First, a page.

Tue Feb 5, 2013, 04:52 AM
HiPointDem (20,729 posts)
Deb Gist threatens sanctions for Rhode Island districts using seniority as a factor in layoffs
In a harshly worded letter, Education Commissioner Deborah A. Gist has alerted Rhode Island's school superintendents that she will take severe action against any district that is using seniority, job fairs or bumping to assign, keep or lay off teachers.
In a four-page letter dated Jan. 31 and released late Friday, Gist threatens to impose sanctions "up to and including loss of certification;" taking districts to court; or withholding state education aid unless they comply with her interpretation of a key education regulation called the Basic Education Program.
The Rhode Island Federation of Teachers promptly lashed back, saying Gist is bullying school committees and administrators and attempting to gut collective-bargaining rights. RIFT President Frank Flynn said that contrary to Gist's statements, education policy does not trump state labor law.
Gist, you may recall, was highly involved in the Central Falls case where all the teachers were fired.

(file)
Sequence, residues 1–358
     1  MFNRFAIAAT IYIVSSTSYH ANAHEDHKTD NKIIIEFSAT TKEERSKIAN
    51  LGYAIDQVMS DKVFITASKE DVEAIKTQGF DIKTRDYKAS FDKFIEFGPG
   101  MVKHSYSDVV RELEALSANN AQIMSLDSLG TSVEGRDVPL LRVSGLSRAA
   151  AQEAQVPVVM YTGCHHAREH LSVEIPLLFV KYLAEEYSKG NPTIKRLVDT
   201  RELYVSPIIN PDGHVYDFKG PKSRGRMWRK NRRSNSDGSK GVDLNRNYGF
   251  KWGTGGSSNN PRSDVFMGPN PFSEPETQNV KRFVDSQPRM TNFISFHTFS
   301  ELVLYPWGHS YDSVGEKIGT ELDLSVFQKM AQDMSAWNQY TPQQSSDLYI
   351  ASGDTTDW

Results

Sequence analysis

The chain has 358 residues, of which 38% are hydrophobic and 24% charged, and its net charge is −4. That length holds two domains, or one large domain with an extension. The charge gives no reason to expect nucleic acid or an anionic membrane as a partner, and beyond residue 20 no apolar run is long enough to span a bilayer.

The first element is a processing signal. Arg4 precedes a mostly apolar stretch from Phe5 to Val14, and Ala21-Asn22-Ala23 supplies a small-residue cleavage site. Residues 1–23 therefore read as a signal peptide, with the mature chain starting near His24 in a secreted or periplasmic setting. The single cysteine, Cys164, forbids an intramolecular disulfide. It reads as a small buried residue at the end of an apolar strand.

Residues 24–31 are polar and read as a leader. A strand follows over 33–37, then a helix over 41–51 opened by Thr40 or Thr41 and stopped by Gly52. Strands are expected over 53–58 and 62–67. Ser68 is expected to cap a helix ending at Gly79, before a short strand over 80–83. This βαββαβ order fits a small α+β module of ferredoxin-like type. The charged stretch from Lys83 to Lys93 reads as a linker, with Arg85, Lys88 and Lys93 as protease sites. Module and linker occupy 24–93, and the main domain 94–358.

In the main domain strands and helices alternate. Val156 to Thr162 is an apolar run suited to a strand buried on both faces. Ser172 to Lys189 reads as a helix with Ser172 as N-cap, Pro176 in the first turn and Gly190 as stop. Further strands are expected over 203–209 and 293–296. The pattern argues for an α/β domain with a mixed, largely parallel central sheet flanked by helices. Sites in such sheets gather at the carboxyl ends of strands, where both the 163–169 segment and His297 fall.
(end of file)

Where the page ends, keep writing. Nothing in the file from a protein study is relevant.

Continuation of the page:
She's also part of the Jeb Bush "FEE" mafiosa: one of Bush's 'Chiefs for Change". doesn't that sound cheery.
E-mails link Bush foundation, corporations and education officials
A nonprofit group released thousands of e-mails today and said they show how a foundation begun by Jeb Bush, the former Florida governor and national education reform leader, is working with public officials in states to write education laws that could benefit some of its corporate funders.
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Deb Gist threatens sanctions for Rhode Island districts using seniority as a factor in layoffs (Original post)
Response to HiPointDem (Original post)
Tue Feb 5, 2013, 10:27 AM
FBaggins (16,086 posts)
2. I'd say it has little to do with her "interpretation" of the law.
The real question is whether a state law/regulation can supercede contract elements gained through collective bargaining... and then (if so), whether that creates a conflict with collective bargaining rights under other state laws.
Sounds like a question for the courts.